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From Barnes & Noble
How She Got to Be a Sweet Baker
Almost every winter weekend my family migrated from the suburbs of New York City to the Hunter Mountain ski area in the nearby Catskills. Because Hunter is one of the best ski areas within a reasonable distance from the city, a substantial number of chefs from some of the best restaurants came up on weekends after closing down their restaurants. Ben, my husband, got to meet and know many of the chefs on the ski slopes. I didn't ski and was very interested in becoming a pastry chef, so one day on the mountain Ben asked chef Andre Soltner [proprietor of the famous restaurant Lutece] where I should take lessons. Andre mentioned a retired pastry chef in the area named George Keller, who had worked in some of New York's best restaurants, and suggested that he might give lessons. George agreed to take me on as a pupil, and I learned quickly and soon became close friends with both George and his wife, Lisa. Before long, I was supplying five restaurants in the general Hunter area with their dessert tables every weekend.
Later on, I was told by a dear friend, William Greenberg Jr., who operated four bake shops in Manhattan, that his bakeries were frequently approached by customers seeking romantic, floral wedding cakes. This was not his specialty, and he knew of my passion and accomplishments as a pastry chef, so he asked me if I had any interest in the work. It sounded like a wonderful opportunity, so I began taking lessons on how to create ornate, decorative cakes.
My real business breakthrough came as the result of a wedding cake I created for a daughter's friend who was getting married. The young woman operated a takeout food shop in the Chelsea area of New York City. The cake was delivered on Saturday for the Sunday wedding. The bride-to-be was so taken with the cake that, instead of placing it in the shop's refrigerator, she put it into the window on display. As luck would have it, passing by was a chef who worked for the then premier society caterer in New York City, Donald Bruce White. The chef asked where the cake came from, and I started getting orders for cakes each weekend from the caterer. Women who attended catered receptions learned who created the cakes and started ordering them, bringing them into some of New York City's best hotels. When the hotel banquet managers saw my cakes, they started ordering them directly, and my business blossomed.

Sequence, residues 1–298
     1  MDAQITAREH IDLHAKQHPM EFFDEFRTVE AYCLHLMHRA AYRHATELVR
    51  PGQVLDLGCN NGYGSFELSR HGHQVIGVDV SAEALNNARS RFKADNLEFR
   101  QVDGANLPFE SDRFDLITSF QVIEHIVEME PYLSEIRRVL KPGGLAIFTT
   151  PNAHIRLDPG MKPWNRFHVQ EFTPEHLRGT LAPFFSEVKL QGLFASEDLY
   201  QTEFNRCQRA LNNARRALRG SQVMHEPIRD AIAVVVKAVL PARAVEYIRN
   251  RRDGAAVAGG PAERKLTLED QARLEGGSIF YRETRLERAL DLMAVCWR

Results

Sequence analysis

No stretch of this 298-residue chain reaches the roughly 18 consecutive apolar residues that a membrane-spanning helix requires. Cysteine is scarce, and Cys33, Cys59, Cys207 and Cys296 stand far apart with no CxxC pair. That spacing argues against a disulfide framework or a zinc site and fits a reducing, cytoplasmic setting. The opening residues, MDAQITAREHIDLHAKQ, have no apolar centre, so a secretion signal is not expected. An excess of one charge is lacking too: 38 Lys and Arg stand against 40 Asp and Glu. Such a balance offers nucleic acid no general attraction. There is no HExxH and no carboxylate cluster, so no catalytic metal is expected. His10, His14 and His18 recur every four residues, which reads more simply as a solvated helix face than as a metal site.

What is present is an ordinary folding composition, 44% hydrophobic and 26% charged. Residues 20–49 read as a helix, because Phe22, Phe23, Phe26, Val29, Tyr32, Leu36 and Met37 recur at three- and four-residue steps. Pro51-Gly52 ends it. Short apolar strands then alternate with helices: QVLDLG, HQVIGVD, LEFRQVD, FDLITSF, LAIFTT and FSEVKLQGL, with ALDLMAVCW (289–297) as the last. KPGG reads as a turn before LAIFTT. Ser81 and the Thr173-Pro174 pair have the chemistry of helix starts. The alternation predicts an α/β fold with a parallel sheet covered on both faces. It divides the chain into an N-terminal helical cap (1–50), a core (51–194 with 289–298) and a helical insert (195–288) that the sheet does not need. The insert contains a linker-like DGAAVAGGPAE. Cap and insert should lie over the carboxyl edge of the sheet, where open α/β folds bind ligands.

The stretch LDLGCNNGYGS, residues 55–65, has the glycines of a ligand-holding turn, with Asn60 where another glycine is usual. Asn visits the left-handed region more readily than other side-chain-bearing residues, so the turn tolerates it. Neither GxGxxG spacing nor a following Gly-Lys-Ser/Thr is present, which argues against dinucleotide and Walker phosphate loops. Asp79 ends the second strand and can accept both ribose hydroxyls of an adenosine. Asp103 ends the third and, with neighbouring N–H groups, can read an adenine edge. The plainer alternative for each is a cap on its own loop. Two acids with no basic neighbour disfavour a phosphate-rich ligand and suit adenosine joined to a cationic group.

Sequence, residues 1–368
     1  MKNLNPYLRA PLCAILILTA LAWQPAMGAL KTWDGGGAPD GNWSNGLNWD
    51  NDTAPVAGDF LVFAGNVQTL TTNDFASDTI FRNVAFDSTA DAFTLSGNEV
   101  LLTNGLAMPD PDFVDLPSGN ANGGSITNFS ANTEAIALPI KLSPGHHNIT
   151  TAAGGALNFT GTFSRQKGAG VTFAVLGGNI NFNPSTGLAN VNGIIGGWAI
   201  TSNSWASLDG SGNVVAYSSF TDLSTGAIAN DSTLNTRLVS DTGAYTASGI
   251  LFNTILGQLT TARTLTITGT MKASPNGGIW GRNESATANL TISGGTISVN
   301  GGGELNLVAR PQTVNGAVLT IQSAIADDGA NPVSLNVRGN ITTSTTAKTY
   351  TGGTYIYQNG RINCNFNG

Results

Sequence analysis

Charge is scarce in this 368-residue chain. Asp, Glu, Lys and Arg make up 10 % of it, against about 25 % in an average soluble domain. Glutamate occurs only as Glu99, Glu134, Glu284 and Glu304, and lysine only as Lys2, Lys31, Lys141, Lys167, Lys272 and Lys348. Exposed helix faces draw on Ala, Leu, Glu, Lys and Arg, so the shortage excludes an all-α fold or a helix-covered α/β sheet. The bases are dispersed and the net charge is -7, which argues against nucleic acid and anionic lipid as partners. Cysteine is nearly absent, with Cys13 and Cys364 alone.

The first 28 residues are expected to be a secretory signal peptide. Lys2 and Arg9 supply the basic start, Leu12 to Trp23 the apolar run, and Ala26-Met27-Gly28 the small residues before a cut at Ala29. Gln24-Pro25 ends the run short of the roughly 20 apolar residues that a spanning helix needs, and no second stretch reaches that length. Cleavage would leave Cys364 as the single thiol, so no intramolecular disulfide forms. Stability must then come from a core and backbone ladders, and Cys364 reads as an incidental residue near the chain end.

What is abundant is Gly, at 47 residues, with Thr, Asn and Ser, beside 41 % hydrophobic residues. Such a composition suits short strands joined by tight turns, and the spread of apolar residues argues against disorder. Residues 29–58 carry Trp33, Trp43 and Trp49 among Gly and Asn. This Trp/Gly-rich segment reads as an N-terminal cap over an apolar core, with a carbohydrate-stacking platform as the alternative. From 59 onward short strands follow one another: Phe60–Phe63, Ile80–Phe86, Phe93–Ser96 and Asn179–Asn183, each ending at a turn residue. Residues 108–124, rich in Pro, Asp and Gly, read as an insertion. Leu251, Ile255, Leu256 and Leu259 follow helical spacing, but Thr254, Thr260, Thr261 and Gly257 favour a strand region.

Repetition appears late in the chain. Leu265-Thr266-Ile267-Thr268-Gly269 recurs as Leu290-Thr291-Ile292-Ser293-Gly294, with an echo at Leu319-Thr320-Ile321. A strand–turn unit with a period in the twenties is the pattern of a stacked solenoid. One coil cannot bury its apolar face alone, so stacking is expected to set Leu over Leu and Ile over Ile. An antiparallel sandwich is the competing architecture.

I believe that one of the main reasons for my success is that I don't take shortcuts when it comes to fulfilling my clients' wishes. My cakes are made using only the best available ingredients. The majority of my orders are for wedding cakes, but I create cakes for all special occasions. The biggest reward from my business is all the wonderful people I get to meet while they are preparing for a happy occasion. I have people from all walks of life as customers, including politicians, artists, royalty, actors, singers, conductors, musicians, directors, ballet stars, entrepreneurs, celebrated physicians, publishers, columnists, and clergymen.
I look upon my career as a creator of beautiful, special cakes as a reward for my diligence in fighting for my life when I was threatened by breast cancer years ago and underwent both a mastectomy and chemotherapy. I feel that conquering my illness brought about a change for the better in my life. So as much as I have received, I want to give in return. I have found that I can do that by sharing my energy -- not only by making scrumptious cakes -- but also by sharing the fruits of my labors, in both time and financial support, with others who are battling life-threatening diseases.